The concept of the fourth trimester was popularised by Harvey Karp, an assistant professor of paediatrics at the University of Southern California, when he wrote the book The Happiest Baby on the Block in 2003. To calm crying babies, he advocated ways to try to simulate the womb experiences, known as the "five Ss" – swaddling, side or stomach position, shush, swing and suck.

"There is no doubt that the baby who is treated for the first three months on the outside as if they were on the inside, just enjoy that experience," says Sue Jameson, a lactation consultant and spokeswoman for Cuidiú, a peer support organisation for all parents. When parents can read their babies' cues and meet their needs, things will go smoother.

“Instead of trying to making the baby fit life, if we fashion life around the baby for the early weeks and months, it does make it easier,” she explains.

Bonding time

This is why the pressure some mothers feel to revert quickly to their pre-pregnancy shape and lifestyle doesn’t help. Instead they need support from their partner, family and friends to give them vital bonding time with the newborn and do little else, to ease that transition from the womb to the world.

When Jameson is working with mothers with troubled infants, she often recommends that they simply take to the bed together.

“It is amazing what can be fixed by a bit of warm and calm,” she says. “If there really is something wrong, we can investigate it, but I think we have to look to the ‘bleedin obvious’ first.”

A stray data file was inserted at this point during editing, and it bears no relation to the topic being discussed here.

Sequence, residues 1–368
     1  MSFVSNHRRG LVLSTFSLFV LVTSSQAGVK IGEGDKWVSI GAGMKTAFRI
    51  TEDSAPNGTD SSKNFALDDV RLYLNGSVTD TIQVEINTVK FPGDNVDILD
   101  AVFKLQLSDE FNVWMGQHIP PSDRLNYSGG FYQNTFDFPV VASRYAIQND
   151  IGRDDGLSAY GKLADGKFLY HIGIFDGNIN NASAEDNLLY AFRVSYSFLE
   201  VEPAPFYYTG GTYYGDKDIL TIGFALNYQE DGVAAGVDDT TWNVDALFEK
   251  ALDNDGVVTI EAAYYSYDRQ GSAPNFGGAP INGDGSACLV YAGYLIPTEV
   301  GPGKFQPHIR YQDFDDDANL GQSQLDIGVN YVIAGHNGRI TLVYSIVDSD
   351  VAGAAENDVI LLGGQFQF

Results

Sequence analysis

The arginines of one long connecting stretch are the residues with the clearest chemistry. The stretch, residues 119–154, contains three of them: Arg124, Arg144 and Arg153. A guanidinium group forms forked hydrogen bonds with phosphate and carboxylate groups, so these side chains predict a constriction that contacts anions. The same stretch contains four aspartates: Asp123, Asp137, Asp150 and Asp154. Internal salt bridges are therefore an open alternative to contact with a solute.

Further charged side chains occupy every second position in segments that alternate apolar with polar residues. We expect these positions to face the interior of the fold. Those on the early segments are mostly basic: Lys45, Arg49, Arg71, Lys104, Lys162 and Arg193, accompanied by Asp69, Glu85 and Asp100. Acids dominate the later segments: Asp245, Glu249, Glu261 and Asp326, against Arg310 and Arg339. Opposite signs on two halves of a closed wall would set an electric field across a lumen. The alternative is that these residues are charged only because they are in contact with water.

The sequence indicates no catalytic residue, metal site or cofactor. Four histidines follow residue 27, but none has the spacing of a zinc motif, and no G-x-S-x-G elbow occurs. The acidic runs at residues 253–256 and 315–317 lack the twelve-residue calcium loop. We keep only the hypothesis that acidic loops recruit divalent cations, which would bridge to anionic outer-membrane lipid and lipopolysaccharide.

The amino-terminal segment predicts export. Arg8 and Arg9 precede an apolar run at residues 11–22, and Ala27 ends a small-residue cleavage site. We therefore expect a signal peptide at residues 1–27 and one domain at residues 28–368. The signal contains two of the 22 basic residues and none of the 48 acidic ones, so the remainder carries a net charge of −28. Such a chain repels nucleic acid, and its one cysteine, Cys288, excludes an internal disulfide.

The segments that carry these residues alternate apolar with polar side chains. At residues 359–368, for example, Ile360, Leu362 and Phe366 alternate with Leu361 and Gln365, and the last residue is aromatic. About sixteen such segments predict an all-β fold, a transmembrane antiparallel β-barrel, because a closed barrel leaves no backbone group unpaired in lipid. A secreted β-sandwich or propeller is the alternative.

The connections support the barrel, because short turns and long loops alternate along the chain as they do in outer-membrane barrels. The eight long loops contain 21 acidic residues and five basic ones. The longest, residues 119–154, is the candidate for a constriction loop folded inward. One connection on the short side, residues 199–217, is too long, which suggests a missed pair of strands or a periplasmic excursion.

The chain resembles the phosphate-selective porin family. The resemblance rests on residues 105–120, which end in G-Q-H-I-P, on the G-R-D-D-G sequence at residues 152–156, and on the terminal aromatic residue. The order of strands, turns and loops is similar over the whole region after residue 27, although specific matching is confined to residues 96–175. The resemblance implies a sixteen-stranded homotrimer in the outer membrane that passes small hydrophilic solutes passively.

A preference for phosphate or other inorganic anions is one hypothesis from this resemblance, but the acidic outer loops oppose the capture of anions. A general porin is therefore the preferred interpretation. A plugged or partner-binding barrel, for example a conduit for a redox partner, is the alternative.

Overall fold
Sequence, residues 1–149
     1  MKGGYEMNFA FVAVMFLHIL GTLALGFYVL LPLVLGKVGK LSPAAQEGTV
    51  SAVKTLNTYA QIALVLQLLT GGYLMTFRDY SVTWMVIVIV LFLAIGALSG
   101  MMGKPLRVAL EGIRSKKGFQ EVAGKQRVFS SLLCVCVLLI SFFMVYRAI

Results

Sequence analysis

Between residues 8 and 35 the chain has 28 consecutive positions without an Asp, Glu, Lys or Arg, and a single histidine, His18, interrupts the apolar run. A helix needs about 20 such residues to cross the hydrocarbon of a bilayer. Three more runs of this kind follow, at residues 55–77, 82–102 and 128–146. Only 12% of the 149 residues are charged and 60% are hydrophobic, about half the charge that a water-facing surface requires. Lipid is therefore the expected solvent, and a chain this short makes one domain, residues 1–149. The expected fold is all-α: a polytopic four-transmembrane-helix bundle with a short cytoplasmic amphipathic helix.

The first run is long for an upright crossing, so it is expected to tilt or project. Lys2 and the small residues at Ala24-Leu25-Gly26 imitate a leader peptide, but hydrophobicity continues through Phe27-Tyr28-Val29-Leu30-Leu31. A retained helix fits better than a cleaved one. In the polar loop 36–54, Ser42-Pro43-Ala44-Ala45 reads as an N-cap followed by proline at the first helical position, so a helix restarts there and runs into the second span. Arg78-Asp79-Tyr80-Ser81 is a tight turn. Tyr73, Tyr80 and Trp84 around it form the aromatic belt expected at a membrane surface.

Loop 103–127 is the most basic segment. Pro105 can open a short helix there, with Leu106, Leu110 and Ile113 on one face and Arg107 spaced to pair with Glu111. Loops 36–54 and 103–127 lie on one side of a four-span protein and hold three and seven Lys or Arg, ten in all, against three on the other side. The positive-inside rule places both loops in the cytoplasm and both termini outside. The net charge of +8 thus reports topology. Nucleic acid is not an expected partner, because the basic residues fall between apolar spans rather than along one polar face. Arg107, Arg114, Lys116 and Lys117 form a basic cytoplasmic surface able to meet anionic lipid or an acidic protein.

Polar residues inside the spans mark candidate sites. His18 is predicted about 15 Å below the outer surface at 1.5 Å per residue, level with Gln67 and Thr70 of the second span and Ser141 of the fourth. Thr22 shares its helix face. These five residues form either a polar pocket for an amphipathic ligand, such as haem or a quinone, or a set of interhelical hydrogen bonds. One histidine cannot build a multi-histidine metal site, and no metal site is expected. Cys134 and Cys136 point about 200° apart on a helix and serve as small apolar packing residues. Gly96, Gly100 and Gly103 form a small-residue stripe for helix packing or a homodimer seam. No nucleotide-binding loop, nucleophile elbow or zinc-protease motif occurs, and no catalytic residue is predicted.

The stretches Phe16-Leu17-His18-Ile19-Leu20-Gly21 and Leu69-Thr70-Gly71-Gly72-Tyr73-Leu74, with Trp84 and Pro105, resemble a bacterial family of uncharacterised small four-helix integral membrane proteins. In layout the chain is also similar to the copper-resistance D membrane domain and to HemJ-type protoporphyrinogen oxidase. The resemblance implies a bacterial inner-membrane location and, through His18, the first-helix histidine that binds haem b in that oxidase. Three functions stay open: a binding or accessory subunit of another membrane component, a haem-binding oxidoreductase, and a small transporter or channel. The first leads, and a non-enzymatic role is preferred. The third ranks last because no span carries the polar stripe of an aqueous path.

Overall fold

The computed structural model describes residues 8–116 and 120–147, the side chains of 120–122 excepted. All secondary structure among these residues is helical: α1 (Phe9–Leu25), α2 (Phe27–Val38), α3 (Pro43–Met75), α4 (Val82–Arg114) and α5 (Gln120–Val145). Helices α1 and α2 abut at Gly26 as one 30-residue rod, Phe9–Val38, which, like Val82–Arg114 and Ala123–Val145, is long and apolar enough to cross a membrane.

When Ellwood sees a mother come into her at the BabyBloom Mother and Child Clinic in Strandhill with a four-week-old baby and she has her Shellac nails on, she does wonder how she is changing a nappy.

“There is this tangle they are in, in trying to maintain the person they used to be and also be the perfect mother – and they don’t match.”

About 90 per of the clients Ellwood sees are unsettled babies and during the initial one-hour consultation she tries to give the often over-whelmed and exhausted mother confidence in her parenting. While there are plenty of important osteopathic issues to look out for, Ellwood believes that imparting simple advice during the consultation, such as "it's okay to lie for three hours with your baby on your chest watching Judge Judy", can be key to helping settle a baby.